One is Canva, which I feel like is not a hack at this point in time. I am not by any stretch of the imagination, a graphic designer. Like I have friends who are wildly talented graphic UX designers and they, I see things. And I’m like, “how did your brain think of that?” But I love Canva. Canva is great for super quick graphics, team collaboration, all of that. So that’s one. And then the other is any, the, the one I’m familiar with is called Otter, but any sort of transcription service that you can get you know, with, with just everything in general, but with more of an emphasis in marketing on accessibility and making sure that we are creating websites and environments and digital experiences for anyone of any ability. I think having captions on videos that are well edited and synced with the video is crucial. Alt text on websites is crucial, clear navigation is crucial and you know, those transcriptions transcription tools say that five times fast is the best way to make sure that we’re creating digital experiences for everyone, no matter what their ability level is
Great. Three marketing books that you’d recommend to our audience and why?
So I’m not, I’m, I’m an avid reader. I love reading. I don’t read nonfiction
So I don’t, so I don’t unfortunately read a lot of marketing books. But I’ll tell you anything, anything by Seth Godin is gonna be great. Anything by Jay Baer is gonna be great. There’s a woman named Jackie Huba who has a lot of great stuff. I also really love anything that Amber Naslund puts out. Okay. If you’ve been around AMA triangle for a while all of these names are going to be familiar to you because they’ve spoken with us and for us before. And mm-hmm <affirmative> you know, most of my marketing books have come from folks who have, who have given talks with us.
Yeah. moving on to kind of the last question, what’s one question you wish I had asked and how would you have answered?
You know, I kind of mentioned this a little bit before, but we talk about how marketing trends and marketing changes so often. And so I think I’d love for you to ask, you know, what I think the future of marketing is. And I would answer that, oh, I, I think the future of marketing is personal. You know, we hear about automations. We hear about personalizations. We hear about AI and how that’s, you know, engaging. But one of my dear friends, Danny Rosen, who is, is a nonprofit executive, not executive director, but nonprofit founder, and really engaged in the Triangle community, but also owns a promotional products company. He talks about, you know, human to human. Like we want to connect with people sure. On a very human level. And I think we want brands to do that too. I think we want brands to feel like our friend and feel like they’re taking a stance on issues or mm-hmm, <affirmative>, you know, the brands that I follow on social media are the brands that make it seem like I’m talking to a friend. When I look at their, when I look at their content, they’re sending me emails based on, you know, what I’ve indicated on surveys that I want to hear about and those kinds of things. So I think, I think it’s personal.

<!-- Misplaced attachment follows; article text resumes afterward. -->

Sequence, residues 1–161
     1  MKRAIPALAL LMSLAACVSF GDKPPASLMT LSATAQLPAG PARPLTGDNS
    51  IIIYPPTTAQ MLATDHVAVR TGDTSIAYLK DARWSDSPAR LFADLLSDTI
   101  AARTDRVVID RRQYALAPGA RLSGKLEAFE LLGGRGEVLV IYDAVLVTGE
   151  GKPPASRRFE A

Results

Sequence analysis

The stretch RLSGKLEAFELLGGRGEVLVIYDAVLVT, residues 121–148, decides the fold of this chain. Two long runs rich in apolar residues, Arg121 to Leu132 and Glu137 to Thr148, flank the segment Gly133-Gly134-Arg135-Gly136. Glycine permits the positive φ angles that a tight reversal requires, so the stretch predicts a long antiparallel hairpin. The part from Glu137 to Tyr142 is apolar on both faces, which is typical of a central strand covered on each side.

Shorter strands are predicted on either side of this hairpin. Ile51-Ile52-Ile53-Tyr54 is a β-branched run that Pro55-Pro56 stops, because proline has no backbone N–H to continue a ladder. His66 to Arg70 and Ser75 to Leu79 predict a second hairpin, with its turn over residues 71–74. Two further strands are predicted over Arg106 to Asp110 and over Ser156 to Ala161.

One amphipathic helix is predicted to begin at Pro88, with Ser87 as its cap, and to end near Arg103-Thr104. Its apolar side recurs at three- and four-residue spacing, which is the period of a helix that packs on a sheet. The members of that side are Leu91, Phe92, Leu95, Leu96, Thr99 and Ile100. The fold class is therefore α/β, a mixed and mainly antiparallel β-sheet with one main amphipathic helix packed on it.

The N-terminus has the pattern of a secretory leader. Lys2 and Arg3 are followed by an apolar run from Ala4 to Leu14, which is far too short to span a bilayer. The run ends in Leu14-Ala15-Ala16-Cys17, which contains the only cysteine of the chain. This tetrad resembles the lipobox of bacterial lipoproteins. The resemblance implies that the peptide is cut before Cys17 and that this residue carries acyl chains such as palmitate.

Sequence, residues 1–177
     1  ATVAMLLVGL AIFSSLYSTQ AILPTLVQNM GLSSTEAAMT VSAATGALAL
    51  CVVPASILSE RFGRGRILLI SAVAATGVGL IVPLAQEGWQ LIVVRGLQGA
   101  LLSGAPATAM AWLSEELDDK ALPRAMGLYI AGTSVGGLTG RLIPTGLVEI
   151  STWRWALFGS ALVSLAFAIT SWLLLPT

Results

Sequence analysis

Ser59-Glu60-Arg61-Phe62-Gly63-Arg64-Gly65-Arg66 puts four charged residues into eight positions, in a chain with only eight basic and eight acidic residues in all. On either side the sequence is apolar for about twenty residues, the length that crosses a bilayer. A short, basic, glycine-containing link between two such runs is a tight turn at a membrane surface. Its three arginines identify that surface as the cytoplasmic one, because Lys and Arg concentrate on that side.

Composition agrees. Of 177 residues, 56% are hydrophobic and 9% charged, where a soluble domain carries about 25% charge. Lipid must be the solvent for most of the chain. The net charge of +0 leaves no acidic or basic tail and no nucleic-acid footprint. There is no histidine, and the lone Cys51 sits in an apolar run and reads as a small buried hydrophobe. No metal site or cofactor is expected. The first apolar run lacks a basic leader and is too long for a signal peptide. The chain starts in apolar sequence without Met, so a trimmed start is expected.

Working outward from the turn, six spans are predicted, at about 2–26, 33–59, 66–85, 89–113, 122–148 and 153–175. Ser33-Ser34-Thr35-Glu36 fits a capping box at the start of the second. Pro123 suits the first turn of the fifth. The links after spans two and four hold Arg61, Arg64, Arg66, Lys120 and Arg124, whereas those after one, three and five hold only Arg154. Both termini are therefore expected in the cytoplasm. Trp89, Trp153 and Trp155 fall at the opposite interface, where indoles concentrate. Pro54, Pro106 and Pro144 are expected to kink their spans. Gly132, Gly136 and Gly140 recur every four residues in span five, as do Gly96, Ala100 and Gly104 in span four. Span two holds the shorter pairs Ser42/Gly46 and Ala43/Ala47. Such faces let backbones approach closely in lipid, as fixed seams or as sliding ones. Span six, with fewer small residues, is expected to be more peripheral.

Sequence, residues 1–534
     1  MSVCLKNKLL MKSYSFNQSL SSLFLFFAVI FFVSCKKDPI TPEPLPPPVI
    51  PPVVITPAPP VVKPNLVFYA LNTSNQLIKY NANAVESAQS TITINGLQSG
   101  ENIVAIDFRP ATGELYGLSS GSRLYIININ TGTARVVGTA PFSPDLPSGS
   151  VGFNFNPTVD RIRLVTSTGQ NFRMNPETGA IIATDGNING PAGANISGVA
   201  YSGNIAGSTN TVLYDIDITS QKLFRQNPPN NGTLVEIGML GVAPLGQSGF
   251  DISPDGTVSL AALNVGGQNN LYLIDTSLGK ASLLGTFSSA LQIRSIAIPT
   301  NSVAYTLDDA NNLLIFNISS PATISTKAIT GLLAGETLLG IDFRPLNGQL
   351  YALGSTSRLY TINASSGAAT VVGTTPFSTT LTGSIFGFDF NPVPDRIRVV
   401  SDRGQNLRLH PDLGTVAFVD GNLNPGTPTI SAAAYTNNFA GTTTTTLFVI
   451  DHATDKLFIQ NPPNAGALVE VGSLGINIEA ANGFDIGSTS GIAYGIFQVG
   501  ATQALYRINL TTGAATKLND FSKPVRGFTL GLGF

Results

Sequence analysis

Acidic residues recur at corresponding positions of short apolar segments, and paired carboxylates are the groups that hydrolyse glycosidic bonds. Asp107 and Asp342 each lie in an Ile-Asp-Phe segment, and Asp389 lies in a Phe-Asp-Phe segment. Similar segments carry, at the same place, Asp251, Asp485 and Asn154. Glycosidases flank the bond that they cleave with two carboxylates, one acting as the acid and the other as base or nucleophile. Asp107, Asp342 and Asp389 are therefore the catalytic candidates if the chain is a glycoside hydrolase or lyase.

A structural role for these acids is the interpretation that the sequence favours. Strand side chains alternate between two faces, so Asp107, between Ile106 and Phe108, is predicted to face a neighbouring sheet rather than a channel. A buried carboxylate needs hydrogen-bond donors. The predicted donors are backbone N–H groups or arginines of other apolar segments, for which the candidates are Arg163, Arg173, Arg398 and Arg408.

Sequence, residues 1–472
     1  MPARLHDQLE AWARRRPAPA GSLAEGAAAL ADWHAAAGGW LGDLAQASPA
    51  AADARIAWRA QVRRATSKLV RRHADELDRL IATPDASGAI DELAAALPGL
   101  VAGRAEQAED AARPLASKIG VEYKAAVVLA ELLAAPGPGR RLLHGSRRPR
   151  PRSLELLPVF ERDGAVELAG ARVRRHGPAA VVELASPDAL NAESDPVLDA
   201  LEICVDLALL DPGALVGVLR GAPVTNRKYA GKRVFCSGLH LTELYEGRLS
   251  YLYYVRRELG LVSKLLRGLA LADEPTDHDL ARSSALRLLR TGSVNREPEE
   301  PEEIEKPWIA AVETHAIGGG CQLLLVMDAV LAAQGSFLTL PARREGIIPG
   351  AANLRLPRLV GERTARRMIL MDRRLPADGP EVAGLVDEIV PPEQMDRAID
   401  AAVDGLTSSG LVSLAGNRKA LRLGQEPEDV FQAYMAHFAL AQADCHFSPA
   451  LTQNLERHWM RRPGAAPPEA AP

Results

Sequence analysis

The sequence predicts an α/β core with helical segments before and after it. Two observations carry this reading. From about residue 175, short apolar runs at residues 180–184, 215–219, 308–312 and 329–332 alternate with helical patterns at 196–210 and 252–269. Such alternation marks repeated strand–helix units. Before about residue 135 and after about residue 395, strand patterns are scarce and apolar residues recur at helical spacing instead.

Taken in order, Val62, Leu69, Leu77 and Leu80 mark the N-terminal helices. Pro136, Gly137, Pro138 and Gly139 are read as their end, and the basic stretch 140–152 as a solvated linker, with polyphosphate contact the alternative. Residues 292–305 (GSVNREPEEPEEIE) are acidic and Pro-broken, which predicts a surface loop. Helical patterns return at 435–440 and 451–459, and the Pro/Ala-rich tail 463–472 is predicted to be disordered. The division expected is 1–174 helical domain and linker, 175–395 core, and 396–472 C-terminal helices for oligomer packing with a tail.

Yeah. It’s, it’s interesting as, as I’ve delved more into the, the the lessons of branding and how brands should be informed and how they should look to create these experiences. And, and part of that extension is through the channels of email and social and promotional products in person events and that sort of thing. And I think, yeah, we all, we all want our brands to show up a little more humanely and humanly than they might be. <Laugh>. Yeah. And a, a final question is we’re, we’re coming to the end. Where can listeners and viewers find you online?
Oh, I’m everywhere. Some of my, well, I’m not everywhere. That’s a lie. The only reason I have Facebook is because I have to for work. But I don’t use it. So don’t try to friend me on Facebook. I’m on LinkedIn Elizabeth Ruf, R U F one F as in Frank or Foxtrot. And then I’m also on Twitter. Umy Twitter handle is at Elizabeth Ruf. You will find God knows what kind of content on there. It’s probably a mix of kitten pictures and retweets from different sports teams and little bit of politics, a little bit of randomness who knows. So those are, those are the two places that I can be found.
Great. Well, we’ll drop those links in the show notes. When we get that up, I really appreciate the opportunity and your time talking with us in our inaugural episode of AMA Voices.
Awesome. Thanks Rob. And just plug anyone else. We would love to highlight as many AMA Triangle members, friends of the community, partners, anything and everything. Even if you don’t have a connection to AMA Triangle. Rob, can we also, in the, in the show notes, drop a link to, to submit your voice or join. We’d love to highlight as many people as possible.
In fact, as we close, I want to thank everybody for listening. AMA Voices is produced by AMA Triangle, a nonprofit educational voice in marketing across the Triangle for over 40 years, listen to podcast on Apple, Google, or wherever you listen. Find out more about our marketing events and training for marketing professionals of all levels at www.amatriangle.org.